Our take of reasons why the initial bond market reaction to the budget was negative is due to wider deficits and higher Debt/GDP ratios. The SAGBs issuance will increased by R550m/week from April onwards. The recovery from initial bond selloff is largely due to consensus thinking that action announced on Eskom will be deemed as credit -neutral by Moody’s and that Eskom Sustainability Task Team (ESTT) will be credible and take action that addresses a lot of Eskom’s financial and operational concerns and to make headway in restructuring Eskom by mid-2019.
We highlighted three things below that stood out to us in the Budget last month:
Chart 1 - Eskom turnaround plan timeline
- The Government has been prepared to go the partial privatisation route by announcing intention to seek strategic equity partnerships for Eskom transmission unit. This is likely ratings/credit positive if executed well.
- We expected to hear mostly ratings neutral/positive comments from ratings agencies. Moody’s being the most important at this stage as they are the only remaining agency rating us at IG. We believe the budget tabled together with the ESTT Eskom Turnaround plan meets the bar to keep Moody’s at bay from lowering their credit outlook on SA debt rating when they announce on 29 March. (see Chart 1)
- On PIT side, Minister Mboweni said that tax brackets will not be adjusted for inflation and hence there will be substantial bracket creep in the next fiscal year meaning most personal income tax payers will be paying more personal income tax to help NT meet their revenue goals.
Our defensive view on rand in March turned out to be correct. We maintain this but are carefully watching FX developments that could favour EM High yielding and China sensitive currencies post a US-China Trade Deal announcement.
Earlier in the year, we expressed a weak US dollar thesis and expressed an opinion that the rand could be a beneficiary of the Fed policy stance change, stronger commodity prices, EM flows and from US Treasury drawing down its cash reserves at the Fed hat creates more supply of USD in the system. The dollar/rand was able to move into the 13.00-13.50 range as we anticipated trading as strong as 13.2380 on 31 January 2019.
Subsequently, our view has changed on increased risks around Eskom headlines, the Budget and investment flows related to corporate activity. We flagged corporate unbundling activity can potentially lead to equity outflows by foreign investors and bring a negative flow impact to the currency.
Naspers spun off MultiChoice Group (MCG) to its shareholders on February 27 which will occur on the JSE. The ownership structure suggests that foreign funds could own 60% of MCG, split between MSCI EM-indexed investors and global tech-focused funds. The latter group could be potential sellers of MCG following the unbundling and separate listing, since their mandate would not involve ownership of this type of stock.
Multichoice is valued in the R65-79bn/US$4.8-5.8bn range which is placing MCGs equity at R150-180 per share. This estimate is based on target the FY2020 EPS estimate and using an EV/EBITDA multiple of 7-8x, in line with global peers. If foreign selling results in 20%-25% of liquidation it could result in $1-2bn off equity outflows in the month of March.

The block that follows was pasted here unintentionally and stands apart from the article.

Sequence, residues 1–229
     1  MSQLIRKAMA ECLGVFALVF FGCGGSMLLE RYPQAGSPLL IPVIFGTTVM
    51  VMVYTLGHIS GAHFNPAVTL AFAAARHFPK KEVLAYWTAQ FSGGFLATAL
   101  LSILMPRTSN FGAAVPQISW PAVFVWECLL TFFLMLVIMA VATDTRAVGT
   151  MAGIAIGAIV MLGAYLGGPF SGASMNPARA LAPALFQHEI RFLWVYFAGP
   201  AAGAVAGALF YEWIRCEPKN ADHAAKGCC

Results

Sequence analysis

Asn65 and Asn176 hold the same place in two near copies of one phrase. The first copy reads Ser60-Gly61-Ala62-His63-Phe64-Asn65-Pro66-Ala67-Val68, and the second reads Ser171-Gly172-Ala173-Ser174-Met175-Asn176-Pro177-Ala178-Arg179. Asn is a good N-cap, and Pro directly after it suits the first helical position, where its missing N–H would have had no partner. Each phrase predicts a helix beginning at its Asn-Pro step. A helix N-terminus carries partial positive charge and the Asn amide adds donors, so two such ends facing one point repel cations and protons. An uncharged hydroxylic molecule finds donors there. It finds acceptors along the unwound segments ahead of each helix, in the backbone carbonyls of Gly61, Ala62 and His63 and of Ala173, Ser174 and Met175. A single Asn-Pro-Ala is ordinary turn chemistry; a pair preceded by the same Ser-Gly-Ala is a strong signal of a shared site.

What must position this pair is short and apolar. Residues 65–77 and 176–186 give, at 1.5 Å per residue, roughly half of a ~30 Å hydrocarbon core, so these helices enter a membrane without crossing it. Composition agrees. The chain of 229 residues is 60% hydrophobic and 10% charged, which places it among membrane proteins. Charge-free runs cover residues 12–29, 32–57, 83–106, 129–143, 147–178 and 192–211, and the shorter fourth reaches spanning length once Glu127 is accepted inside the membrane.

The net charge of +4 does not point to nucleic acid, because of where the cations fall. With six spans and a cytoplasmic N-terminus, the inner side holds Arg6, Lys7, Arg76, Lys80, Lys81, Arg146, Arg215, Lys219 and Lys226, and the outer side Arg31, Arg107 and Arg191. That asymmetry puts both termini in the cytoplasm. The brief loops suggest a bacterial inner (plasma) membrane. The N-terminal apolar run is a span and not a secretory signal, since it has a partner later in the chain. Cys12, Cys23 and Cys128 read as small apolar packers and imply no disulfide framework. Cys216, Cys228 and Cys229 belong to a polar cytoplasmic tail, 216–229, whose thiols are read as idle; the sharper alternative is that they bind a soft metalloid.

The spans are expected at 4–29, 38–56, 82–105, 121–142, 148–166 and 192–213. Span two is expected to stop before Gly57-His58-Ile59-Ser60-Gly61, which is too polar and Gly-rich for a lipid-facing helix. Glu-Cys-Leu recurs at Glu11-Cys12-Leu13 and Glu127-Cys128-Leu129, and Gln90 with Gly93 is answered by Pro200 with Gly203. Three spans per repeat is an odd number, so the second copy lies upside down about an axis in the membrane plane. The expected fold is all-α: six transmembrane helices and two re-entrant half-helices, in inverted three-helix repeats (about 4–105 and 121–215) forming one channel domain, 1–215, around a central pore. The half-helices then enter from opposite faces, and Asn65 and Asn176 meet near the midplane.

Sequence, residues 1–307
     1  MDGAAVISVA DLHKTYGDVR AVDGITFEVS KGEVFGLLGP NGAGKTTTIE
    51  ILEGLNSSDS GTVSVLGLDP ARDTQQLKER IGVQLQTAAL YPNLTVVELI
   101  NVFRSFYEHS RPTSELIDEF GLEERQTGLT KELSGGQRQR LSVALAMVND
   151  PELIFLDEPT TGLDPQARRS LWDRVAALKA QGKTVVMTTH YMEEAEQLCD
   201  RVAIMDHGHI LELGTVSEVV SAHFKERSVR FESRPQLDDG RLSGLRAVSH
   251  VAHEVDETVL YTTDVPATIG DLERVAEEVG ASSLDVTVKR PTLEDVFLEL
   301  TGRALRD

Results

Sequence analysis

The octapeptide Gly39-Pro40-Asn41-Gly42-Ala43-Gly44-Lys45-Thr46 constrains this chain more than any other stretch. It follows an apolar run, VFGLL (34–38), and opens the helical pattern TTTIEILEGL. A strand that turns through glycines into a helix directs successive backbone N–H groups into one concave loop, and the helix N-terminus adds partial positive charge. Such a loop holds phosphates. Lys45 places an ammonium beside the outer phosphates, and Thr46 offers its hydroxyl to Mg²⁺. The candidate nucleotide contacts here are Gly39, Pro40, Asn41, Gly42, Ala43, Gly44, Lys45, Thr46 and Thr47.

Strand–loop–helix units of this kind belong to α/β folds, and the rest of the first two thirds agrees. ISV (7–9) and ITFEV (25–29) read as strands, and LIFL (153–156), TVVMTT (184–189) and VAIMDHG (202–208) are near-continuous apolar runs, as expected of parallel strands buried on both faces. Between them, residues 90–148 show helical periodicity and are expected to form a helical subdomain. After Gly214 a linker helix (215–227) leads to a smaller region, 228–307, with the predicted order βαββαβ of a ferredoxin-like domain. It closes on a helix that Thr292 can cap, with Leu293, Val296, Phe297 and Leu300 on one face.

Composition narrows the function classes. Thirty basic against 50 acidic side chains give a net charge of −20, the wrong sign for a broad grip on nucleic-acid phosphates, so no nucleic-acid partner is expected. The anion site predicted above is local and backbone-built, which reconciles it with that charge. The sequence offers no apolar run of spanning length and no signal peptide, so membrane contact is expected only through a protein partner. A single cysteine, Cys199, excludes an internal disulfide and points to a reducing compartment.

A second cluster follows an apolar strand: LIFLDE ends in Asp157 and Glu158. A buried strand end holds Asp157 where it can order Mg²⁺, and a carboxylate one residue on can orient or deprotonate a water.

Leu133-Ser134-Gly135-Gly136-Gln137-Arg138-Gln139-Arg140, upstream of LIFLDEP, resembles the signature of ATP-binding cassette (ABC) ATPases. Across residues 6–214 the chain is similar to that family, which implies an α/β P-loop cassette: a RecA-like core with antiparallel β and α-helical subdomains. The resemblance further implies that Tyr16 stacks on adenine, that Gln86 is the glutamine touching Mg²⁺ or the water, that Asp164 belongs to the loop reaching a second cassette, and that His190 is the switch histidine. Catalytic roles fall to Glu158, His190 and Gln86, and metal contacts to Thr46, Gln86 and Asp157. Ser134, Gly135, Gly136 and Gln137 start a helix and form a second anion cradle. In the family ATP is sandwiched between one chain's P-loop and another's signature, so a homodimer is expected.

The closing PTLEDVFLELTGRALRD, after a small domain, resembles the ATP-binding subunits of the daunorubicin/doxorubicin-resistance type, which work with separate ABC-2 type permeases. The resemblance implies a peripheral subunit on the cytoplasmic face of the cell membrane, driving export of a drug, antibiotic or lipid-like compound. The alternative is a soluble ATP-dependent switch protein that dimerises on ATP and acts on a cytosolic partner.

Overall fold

Besides the flow factors there was be an FX impact driving dollar/rand higher from foreigners hedging local SAGB holdings, from foreign investors who Moody’s ratings action as a threat to their South Africa exposure in their portfolios. We turned more bearish on the rand in our previous monthly Fixed Income Insights piece when dollar/rand was in the 13.25-13.50 range and would feel more comfortable to turn less defensive on the rand at levels of 14.40 or above. This was an accurate call and surprised us to see dollar/rand stalling near our 14.40 level on Budget day.
We previously highlighted that the pendulum has swung towards optimism when looking at ranges and changes to the dollar/rand FX vol surface in recent years when dollar/rand was trading closer to 13.50 area. Subsequently the vol surface as shifted higher and dollar/rand has also moved higher to trade just below the highs of the year to date range as the rand encountered headwinds from a stronger US dollar environment and from what appears to be negative equity and bond flows and net equity selling persists and research shows that foreigners opted not to reinvest their SAGB coupons of R12 billion in March.
Chart 2 – Commodity price terms of trade
A correlation study of 60-day rolling correlation reveals that the rand is taking more direction, than it was a month ago from broad-based US dollar moves and less direction from the performance of its peer currencies (chart 3). The fact that most dollar/rand correlations have broken down could also be a signal that the rand has weakened due to coupon outflows. The rand seems more correlated to US equity performance of late and hence a melt-up in US stocks or much awaited correction in US equities is likely to impact on the rand. Net portfolio flows remained negative in February, after foreigners sold R6.4 billion worth of equities and only bought R2.5 billion worth of SAGBs but has started to improve after Moody’s decision. South African terms of trade (COMTOT) continues to move sideways (Chart 2) because higher iron ore and platinum prices are being offset by higher oil prices. The rand is close to fair value based on a PPP model basis, but the rand’s carry trade appeal and bullish momentum are waning.